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One of the Best Jazz Holiday Albums Ever
Jazz albums of holiday music are usually an improvised mishmash of secular tunes, with one or two religious ones thrown in. Song of Simeon is something entirely different -- a cohesive album that tells the story of Christ's birth using familiar carols and songs while giving them new jazz rags to wear.
As told in Luke 2:29-35, a devout Simeon sums up the birth of Christ as, "a light to enlighten the nations, and the glory of your people Israel," this being the translation offered in the Song of Simeon program notes. The word light resonates throughout the 11-movement composition, not only in the song choices but also in the performances. Even serious songs have a feeling of joy within them. Scruggs obviously views the Christmas story as something serious to be joyful about.
Scruggs leads on tenor and soprano saxophone, with Brian Hogans on piano, Dan Baraszu on guitar, Tommy Sauter on bass, Marlon Patton on drums, and Kinah Boto Ayah on percussion. For larger "big band" moments, there's a horn ensemble that includes trumpet, clarinet, alto sax, tenor sax, two trombones, bass trombone, and Scruggs on baritone sax.
Movements include "O Come, O Come, Emmanuel," "God Rest Ye Merry, Gentlemen," "Go Down, Moses," "We Three Kings," "T'was in the Moon of Wintertime (The Huron Carol)," and "Joy to the World." The overall mood is one of jubilation, often because of the spirited and diverse rhythms. Ayah's drums often flirt with African rhythms, and ostinato figures abound. All of the sidemen receive solo assignments throughout the piece, and they all prove to be A-list musicians.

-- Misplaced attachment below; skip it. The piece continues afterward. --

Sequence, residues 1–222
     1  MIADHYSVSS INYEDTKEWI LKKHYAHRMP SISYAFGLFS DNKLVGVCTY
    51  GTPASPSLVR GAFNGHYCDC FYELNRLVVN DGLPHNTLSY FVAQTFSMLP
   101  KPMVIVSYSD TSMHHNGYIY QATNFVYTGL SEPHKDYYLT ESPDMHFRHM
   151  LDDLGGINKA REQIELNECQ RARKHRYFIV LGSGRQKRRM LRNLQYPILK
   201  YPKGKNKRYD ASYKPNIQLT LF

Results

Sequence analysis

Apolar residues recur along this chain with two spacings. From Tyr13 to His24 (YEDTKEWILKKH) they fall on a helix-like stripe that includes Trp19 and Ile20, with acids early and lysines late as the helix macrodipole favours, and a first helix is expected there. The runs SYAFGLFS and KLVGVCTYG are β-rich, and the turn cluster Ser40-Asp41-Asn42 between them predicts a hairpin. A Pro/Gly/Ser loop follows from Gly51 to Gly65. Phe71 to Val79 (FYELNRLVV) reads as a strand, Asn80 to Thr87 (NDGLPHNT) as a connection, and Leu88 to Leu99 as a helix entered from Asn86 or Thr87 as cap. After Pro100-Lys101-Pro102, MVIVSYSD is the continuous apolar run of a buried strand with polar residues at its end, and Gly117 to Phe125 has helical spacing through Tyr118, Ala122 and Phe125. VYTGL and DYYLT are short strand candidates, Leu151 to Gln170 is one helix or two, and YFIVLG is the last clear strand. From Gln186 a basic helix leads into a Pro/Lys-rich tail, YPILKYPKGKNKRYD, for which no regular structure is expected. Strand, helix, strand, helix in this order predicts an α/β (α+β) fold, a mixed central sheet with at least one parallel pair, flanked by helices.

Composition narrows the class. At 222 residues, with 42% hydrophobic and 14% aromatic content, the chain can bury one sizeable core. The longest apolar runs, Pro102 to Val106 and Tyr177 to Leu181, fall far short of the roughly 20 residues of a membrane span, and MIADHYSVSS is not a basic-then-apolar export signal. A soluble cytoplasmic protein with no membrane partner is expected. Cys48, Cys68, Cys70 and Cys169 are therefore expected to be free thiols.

The annotation for this jubilant holiday set is fastidious, offering the author of each song as well as the corresponding scripture, and though there's no singing on the disc, the notes also give the complete text of the music that has been sourced. Thus we learn that "O Come, O Come, Emmanuel" has a text from 9th-century Latin and music from a plainsong, as adapted by Thomas Helmore (1811-1890). You don't usually run into this much information on classical albums these days, much less jazz ones. Though the notes for Song of Simeon are packed with information, you can learn even more on the Scruggs website.
If you're looking for something different to listen to during the holiday season -- something that will also raise your spirits -- this disc will fill the bill handsomely. It deserves to be put in the upper echelon of jazz titles for the holiday season.
Be sure to listen to: "Go Down, Moses" features some hot trumpet playing from Joe Gransden. He and the band swing this tune even more than usual, and the results are absolutely sensational.
. . . Rad Bennett